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Image of Ronni Kanh from Food Fighter OzHarvest Documentary
Food & Hunger

'Food Fighter' Documentary Brings Food Waste Into the Limelight


Why Global Citizens Should Care
Collaborative initiatives are desperately required if Australia is to acknowledge food as a right and eliminate world hunger. Global Citizen campaigns on the UN Development Goals, including the target of zero hunger. You can take action here.

Food waste throughout Australia is a disaster of colossal proportions.

Thankfully, Ronni Kahn, the Australian entrepreneur behind Australia’s leading food-rescue organisation OzHarvest and the protagonist in the new documentary Food Fighter, has made ending food waste her life mission.

Filmed over two years and across four continents, Food Fighter follows Kahn's crusade against the global food waste scandal. The independent documentary shows Kahn rubbing shoulders with United Nations ambassadors, big business executives, and Australian politicians as she exposes an inconvenient truth: that more 5 million tonnes of edible food is discarded in Australia every year, while up to 3.6 million Aussies suffer from food insecurity.

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Directed by Dan Goldberg, the documentary allows audiences to join Kahn as she travels to Thailand, South Africa, and the United Kingdom to fight against government inaction and unnecessary airline and supermarket food standards.

“Addressing this issue is long overdue. The time has come to stop talking about it and take action,” Kahn told Global Citizen. “Food is so precious, wasting it makes no sense — economically, environmentally, and ethically — but we all find ourselves doing it.”

Kahn founded OzHarvest in 2004 after she discovered she was contributing to Australia’s annual $20 billion food waste bill in her work, running a successful corporate events company producing million-dollar dinners.

Since its establishment, OzHarvest has delivered more than 90 million meals to more than 1,300 charities. The organisation saves more than 180 tonnes of food every week from more than 3,000 commercial outlets.  

“The statistics relating to global food waste and food insecurity worldwide are staggering — a third of food produced is wasted while over 800 million people do not have enough to eat. Not to mention the costs; economic losses are close to $940 billion each year. Huge amounts of resources in food production are wasted and the negative impact on the environment is significant as food waste generates 8% of the global greenhouse gases,” Kahn said.

Following the film, OzHarvest launched the Fight Food Waste campaign to give families information around how best to tackle food waste at home.

“Everyone can make a difference by getting into good habits when they buy and consume food at home. Look at what you have in your fridge and in your pantry before you shop, buy only what you need, store food correctly, and cook with what you have," Kahn said.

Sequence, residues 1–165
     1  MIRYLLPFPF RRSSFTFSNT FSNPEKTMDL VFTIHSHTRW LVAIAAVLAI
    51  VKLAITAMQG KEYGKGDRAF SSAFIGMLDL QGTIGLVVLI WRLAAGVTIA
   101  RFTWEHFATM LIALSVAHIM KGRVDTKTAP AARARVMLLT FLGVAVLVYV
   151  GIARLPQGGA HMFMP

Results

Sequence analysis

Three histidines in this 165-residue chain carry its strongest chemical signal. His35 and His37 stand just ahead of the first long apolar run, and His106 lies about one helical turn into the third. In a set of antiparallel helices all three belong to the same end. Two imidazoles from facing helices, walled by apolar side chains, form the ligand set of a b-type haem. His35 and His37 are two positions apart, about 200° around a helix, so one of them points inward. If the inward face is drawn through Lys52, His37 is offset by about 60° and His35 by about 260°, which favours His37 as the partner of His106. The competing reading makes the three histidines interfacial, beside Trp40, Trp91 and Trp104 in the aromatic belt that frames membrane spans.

Across Australia, more than 5.3 million tonnes of food that is intended for human consumption is wasted from households and the commercial and industrial sectors each year.

The Foodbank 'Rumbling Tummies: Child Hunger in Australia' report released in July revealed more than 3 million Australians — including 1 in 5 children — have been food insecure in the last 12 months.

“The biggest challenge as a nation right now is acknowledging that here in the lucky country we've got 3.6 million Australians in the last 12 months who were food insecure,” CEO of Foodbank Brianna Casey stated on the Insight episode 'Hunger' on SBS last month. “That is not OK in the lucky country. The demand for food relief in this country right now is skyrocketing.”

The trend is similar worldwide. If one-quarter of the food currently lost or wasted could be saved, it would be enough to feed 870 million hungry people. If food waste were a country, it would be the third-biggest emitter of greenhouse gases after the United States and China.

For Kahn, the United Nations Sustainable Development Goal 12.3 — to halve food waste by 2030 — is an ambitious goal, but one she is committed to achieving.

“Tackling global food waste is highlighted in the film Food Fighter and is now finally on the national agenda of many countries. In Australia, I have been fighting food waste for 14 years and have spent the last few years biting at the heels of Government to get on board," she stated. "Halving food waste by 2030 is a big job and requires change at all levels of society, but it can start in our homes, today.”

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Her directive for Australians who may feel helpless to change things?

“We can all start by making changes at home, but to influence change at higher levels our voices need to be heard. We need to consider our actions beyond the country of our birth or the country we reside in. How we treat our local community, our local city, our own country has global ramifications," she said. "Write, tweet, call, post things on social media — just make some noise and show you care!”